About 120,000 discarded freesheets collected from across London have been fitted into a wooden structure to make a house from newspaper.
Local residents brought newspapers to complete the house
The interactive artwork by artist Sumer Erek, was created with the help of the public who brought old newspapers to fit into the structure.
The building has been installed as a piece of public art in Gillet Square in Dalston, Hackney.
The house, more than 12ft tall, aims to highlight the need for recycling.
On Monday the artist erected the wooden structure in a local church and residents were encouraged to bring and place newspapers into it.
Train companies donated about two tonnes of newspapers left by commuters while another 10,000 papers were collected by Project Freesheet.
Newspapers were tightly rolled up to fit in the structure
The project was undertaken by a group called Creative City and funded by the Calouste Gulbenkian Foundation.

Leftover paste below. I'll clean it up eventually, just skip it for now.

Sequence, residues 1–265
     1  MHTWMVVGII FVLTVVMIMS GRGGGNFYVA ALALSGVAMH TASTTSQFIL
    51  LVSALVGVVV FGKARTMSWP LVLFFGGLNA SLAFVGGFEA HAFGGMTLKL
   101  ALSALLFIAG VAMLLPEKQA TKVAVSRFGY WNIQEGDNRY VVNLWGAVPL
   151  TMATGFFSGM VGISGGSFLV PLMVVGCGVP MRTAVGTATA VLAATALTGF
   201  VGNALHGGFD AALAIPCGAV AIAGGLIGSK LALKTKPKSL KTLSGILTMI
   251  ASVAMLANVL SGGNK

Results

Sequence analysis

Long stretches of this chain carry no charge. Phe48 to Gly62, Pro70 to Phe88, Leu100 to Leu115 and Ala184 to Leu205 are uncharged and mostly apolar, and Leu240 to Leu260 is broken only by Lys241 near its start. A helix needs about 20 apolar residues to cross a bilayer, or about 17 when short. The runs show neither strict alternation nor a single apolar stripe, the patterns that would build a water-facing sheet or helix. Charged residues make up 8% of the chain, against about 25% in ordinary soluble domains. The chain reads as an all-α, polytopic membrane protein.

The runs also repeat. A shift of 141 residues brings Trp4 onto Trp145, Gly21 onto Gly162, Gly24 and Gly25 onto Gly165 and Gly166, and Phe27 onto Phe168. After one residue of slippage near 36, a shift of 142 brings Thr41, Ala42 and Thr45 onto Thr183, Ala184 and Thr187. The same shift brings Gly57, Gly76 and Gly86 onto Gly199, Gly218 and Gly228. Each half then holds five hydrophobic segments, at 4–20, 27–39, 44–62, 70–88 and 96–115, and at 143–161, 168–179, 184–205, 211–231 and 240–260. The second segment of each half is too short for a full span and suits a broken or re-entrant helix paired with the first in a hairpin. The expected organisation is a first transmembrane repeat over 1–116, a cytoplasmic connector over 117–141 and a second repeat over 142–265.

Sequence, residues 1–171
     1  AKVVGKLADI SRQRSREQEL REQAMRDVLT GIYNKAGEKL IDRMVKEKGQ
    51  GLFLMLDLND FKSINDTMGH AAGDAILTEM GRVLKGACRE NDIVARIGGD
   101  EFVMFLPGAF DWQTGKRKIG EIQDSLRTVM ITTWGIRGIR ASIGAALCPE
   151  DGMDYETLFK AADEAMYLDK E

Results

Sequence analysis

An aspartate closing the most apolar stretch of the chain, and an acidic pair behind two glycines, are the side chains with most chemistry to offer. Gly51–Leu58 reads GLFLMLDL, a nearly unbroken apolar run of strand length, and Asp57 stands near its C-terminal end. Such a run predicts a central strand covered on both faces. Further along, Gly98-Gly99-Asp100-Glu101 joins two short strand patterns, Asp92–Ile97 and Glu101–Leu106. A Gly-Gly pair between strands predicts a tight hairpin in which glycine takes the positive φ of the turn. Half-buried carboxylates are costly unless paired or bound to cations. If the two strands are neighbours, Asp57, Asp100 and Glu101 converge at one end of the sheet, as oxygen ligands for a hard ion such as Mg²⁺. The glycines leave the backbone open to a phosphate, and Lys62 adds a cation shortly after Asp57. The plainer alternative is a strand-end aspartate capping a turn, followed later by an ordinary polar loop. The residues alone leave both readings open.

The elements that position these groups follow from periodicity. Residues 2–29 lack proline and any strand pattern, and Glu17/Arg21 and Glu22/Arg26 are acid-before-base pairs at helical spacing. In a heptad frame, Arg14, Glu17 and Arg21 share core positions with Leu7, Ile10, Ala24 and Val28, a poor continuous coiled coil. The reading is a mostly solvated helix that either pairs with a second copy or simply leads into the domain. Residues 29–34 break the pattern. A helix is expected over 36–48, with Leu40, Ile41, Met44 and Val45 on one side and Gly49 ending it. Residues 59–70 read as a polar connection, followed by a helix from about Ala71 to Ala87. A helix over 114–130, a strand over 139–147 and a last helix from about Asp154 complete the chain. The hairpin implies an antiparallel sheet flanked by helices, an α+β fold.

Mr Erek said: "Newspaper House covers our era's three aspects - news, paper and house... and also brings communities together and people contributing into the construction and adding into the piece in a physical active way."
He added that the rain would help congeal the paper turning it into an "even stronger and more solid material".
"Even things that don't have value can be transformed into artwork and it could be something beautiful," he said.
Nargis Khan, cabinet member of Hackney Council's Community Services, said: "Newspaper House is a really great example of how public art can bring communities together and actually raise the profile of issues like recycling and reducing waste."
The house was on display until Sunday after which it will be recycled.